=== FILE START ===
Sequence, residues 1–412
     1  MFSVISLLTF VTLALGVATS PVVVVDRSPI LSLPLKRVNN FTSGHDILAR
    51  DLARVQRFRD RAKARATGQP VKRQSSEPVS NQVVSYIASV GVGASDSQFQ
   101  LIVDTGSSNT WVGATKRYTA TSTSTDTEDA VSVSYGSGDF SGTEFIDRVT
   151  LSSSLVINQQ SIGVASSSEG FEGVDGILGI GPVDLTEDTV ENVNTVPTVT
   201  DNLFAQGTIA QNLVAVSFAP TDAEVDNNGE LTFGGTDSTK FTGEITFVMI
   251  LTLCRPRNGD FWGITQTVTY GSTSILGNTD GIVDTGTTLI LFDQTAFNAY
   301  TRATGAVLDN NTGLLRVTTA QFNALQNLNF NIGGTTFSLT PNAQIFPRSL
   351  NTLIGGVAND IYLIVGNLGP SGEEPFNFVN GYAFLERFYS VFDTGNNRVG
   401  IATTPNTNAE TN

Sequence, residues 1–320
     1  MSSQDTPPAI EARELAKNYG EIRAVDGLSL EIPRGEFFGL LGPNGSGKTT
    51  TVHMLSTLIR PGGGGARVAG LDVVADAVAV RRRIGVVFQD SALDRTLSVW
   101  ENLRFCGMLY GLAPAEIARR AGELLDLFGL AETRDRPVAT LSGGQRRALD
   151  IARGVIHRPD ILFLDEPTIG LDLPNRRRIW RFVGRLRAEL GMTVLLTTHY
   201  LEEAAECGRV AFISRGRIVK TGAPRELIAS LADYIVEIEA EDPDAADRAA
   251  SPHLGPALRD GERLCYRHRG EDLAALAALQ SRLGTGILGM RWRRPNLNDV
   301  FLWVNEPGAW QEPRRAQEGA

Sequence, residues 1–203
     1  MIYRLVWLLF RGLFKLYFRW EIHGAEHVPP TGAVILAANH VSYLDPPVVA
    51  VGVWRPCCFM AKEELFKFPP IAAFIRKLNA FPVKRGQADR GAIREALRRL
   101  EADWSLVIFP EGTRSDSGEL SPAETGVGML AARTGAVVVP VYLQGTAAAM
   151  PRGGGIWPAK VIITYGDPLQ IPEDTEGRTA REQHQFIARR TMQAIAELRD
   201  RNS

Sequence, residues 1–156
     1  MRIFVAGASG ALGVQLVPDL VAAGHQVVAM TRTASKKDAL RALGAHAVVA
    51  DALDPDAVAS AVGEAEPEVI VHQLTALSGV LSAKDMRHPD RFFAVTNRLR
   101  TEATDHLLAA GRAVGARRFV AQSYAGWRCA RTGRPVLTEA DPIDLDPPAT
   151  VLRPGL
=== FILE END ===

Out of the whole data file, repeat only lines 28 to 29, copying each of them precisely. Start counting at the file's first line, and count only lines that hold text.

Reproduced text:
   101  TEATDHLLAA GRAVGARRFV AQSYAGWRCA RTGRPVLTEA DPIDLDPPAT
   151  VLRPGL